Much of the discussion under the olive tree was about how the economic and cultural weight is being pushed from East Jerusalem to Ramallah. This process was happening on a variety of different fronts. On the political front, East Jerusalem had already been annexed by Israel in the 1980s and been brought into the municipality of Jerusalem. In this way the Israelis had disconnected East Jerusalem from the West Bank as an area of legal administration. The Israeli-controlled municipality doesn’t do much to support and develop life for the Palestinians in East Jerusalem. Therefore the Palestinian life of the city is starting to dry out there. Daily life has become too expensive and difficult and there is less and less to do there economically as well as culturally. Palestinians go to Ramallah when they want to have a good time and party. The Wall has isolated and closed Jerusalem off from its hinterland on the West Bank and the Palestinians in the West Bank no longer have access to the holy city. Palestinians in East Jerusalem cannot expand their homes and their neighbourhoods are not developed at the same rate as the Israelis. All the while Israeli settlements are continuously expanding, lately by a 1000 new homes in Pisgat Zeev and Har Homa (http://www.ccdprj.ps/en/), for example. The role of Ramallah therefore is also an important part of this plan which in the end would make Ramallah the main city in Palestine. Traditionally Jerusalem had been the capital of Palestine but this role is fading more and more.
When it came to this slow pressure on the Palestinians of East Jerusalem, there were no limits to the stories the picnic guests could tell of how Palestinians with Jerusalem IDs had had their identification withdrawn in various situations. For example, during departure at the airport for long study trips abroad, the guards would simply take the cards and comment that ‘this is no longer needed now that you’re leaving anyway’. There were currently several ongoing legal cases regarding these events in which Palestinians were trying to get their Jerusalem ID back. The guests also spoke about how, in the middle of the night, at Palestinian homes in East Jerusalem, there would be control visits to check whether people actually lived at these addresses. The police would check whether the bed was warm and whether the toothbrush was still wet. This discussion made me sweat as I’d written on the blog about Ismail’s attitude in regard to the Israeli demands for residency permits here. As I was aware of the problematic security situation, I’d changed most names that I referred to on the blog and the people at the picnic figured this was good enough.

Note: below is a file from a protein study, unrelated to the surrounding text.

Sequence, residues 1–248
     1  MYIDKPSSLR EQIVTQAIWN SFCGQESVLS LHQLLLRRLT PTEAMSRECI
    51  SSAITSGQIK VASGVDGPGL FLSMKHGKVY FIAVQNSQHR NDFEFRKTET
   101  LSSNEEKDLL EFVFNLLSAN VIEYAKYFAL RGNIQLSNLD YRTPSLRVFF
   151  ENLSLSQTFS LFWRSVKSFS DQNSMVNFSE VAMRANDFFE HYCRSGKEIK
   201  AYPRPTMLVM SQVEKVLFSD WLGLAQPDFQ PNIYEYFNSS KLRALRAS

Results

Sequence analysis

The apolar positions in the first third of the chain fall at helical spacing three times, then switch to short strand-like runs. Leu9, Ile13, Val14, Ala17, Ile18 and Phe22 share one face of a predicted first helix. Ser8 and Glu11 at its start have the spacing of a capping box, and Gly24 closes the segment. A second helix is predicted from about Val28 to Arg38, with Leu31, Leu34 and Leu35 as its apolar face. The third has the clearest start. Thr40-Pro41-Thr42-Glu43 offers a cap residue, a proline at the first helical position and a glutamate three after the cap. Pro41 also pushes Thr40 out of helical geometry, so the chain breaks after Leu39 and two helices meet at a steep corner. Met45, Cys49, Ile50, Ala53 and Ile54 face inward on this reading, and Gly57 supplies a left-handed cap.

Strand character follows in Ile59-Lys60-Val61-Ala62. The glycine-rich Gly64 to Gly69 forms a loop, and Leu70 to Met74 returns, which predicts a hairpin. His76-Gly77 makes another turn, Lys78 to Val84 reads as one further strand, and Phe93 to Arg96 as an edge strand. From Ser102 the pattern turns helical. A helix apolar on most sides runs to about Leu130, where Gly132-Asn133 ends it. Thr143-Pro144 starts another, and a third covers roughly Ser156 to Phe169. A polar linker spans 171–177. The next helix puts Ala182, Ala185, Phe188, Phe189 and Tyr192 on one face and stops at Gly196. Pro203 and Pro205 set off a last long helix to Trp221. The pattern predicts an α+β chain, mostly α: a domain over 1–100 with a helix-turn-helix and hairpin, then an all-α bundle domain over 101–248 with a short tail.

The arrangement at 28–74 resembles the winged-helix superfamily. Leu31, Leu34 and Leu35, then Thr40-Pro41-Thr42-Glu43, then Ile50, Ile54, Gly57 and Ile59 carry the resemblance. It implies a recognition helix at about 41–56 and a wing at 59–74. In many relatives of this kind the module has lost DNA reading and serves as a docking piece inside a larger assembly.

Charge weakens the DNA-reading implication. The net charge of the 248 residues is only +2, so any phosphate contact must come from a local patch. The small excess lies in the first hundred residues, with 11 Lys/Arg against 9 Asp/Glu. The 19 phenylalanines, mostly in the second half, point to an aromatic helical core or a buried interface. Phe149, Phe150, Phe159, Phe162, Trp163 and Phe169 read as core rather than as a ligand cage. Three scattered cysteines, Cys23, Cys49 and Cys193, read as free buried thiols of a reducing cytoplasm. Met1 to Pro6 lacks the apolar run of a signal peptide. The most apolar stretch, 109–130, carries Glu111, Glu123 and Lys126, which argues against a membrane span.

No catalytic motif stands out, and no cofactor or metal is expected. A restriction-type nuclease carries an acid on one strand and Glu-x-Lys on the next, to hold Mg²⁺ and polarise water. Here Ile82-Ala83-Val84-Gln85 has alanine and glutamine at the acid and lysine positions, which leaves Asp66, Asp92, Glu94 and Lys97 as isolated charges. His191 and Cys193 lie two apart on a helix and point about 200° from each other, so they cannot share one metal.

Yazid was very preoccupied by this combination of military control and market interests which stimulates life in some areas of the West Bank but makes life unbearable in others with the purpose of displacing people. This was how Palestinians were being moved from Jerusalem to Ramallah. In regard to this process, the discussion turned to questioning what the PA was doing that was in any way beneficial to the Palestinian people. According to the Oslo Accords, the PA is the administrative organisation that should govern both civil and security related institutions in the areas under Palestinian control. However, it seemed pretty unclear which interests the PA in fact represented. According to the opinions shared at the picnic, the PA was entirely implicated in Israel’s, and also the rest of the world’s plans, of dividing the areas. As it was said, the security forces don’t even protect the Palestinian people. The picnic agreed that if the PA was interested in representing the Palestinian people it should dismantle itself.
In fact, Palestine has for many years been one of the very few areas in the world where people have lived without a state and where the cities have governed themselves in a kind of association of city states (but always under the control of various colonial powers, of course). The discussion ended with a certain agreement that the next intifada would not be against Israel but the PA. While the picnic kept steadily moving and following the sun and shade around the tree we were sitting under, the picnickers some how reached the conclusion that there isn’t a need for a one-state or two-state solution but rather a no-state solution.